KP: You have a portrait called “my grandmother” that really drew my attention because of how familiar it felt: the face, the hairstyle, the clothing in the picture. Could you tell me more about that portrait and what it was like to make it?
GR: I think it was from a picture, and I can’t recall whether I did it after she passed. She was already getting older, so I felt the need to document her. In that piece, I was trying to capture more than her face — I guess, just the subtle warmth that I felt when I was with her.
KP: Can you tell me a little bit about your background and what you do for work?
GR: I’m an art teacher at a magnet school. I teach painting and drawing, but we also have another art teacher that teaches sculpture. I pretty much teach two-dimensional stuff, printmaking and all that. But in the school, we also have music of all sorts: piano, trumpet, guitar, and electric guitar. We have ballet, we have folklorico, we have hip hop. We have everything, and I think that it’s such an amazing school.
KP: What advice do you have for people who thought of submitting their work but didn’t because they were nervous, or maybe don’t think they have enough experience to be in the show? Maybe they’ll be encouraged to submit next year after hearing from you.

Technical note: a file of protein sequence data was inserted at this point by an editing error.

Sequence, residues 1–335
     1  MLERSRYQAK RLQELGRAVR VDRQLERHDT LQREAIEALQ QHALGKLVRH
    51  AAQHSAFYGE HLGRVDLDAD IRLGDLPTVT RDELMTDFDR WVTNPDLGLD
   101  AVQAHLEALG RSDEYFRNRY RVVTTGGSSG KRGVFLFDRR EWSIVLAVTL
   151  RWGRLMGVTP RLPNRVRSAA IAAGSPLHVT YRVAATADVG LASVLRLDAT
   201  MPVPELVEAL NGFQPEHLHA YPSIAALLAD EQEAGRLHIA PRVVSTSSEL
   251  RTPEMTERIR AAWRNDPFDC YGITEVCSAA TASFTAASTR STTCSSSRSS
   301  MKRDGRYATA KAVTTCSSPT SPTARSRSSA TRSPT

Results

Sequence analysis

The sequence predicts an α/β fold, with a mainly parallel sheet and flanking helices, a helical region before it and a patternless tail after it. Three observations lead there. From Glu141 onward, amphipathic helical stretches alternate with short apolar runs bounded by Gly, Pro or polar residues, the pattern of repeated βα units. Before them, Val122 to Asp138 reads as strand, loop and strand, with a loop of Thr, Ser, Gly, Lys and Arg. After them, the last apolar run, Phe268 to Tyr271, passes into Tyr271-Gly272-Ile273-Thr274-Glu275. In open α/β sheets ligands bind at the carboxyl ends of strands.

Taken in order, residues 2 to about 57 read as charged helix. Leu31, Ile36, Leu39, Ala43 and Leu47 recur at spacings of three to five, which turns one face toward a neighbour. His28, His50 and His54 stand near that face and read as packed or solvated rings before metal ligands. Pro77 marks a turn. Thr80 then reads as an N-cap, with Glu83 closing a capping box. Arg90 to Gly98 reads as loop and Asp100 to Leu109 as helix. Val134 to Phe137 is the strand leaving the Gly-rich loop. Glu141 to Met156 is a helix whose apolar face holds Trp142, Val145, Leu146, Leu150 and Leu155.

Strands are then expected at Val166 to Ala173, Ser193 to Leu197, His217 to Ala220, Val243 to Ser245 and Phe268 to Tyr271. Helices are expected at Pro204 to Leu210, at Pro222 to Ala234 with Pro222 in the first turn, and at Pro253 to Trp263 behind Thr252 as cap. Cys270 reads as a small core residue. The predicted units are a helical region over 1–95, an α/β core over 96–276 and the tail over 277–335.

GR: Just go for it. I mean —maybe this is not the right thing to say — but there has to be an appreciation for these sorts of rejections and failures in your work. I’ve been through it so much, and eventually it’s like, “I’ve felt this before, let’s move on. Let’s keep trying.” It’s about bettering yourself through looking at what other people are doing, and just trying your hardest to be authentic. I know that I could make a lot of money from doing portraits. I’ve done them at times when I’m struggling a little bit financially. I’ll go back and I’ll do portraits. But that’s not what I really want to do. So I would advise an artist to just keep doing what you love, keep going your authentic way. It’s a matter of time, and the process just becomes easier.
Picking at Scabs is on view at Trinity University through April 8, 2023.
Kayla Padilla is the 2023 recipient of Contemporary Art Month, San Antonio‘s Critical Writing Fellowship.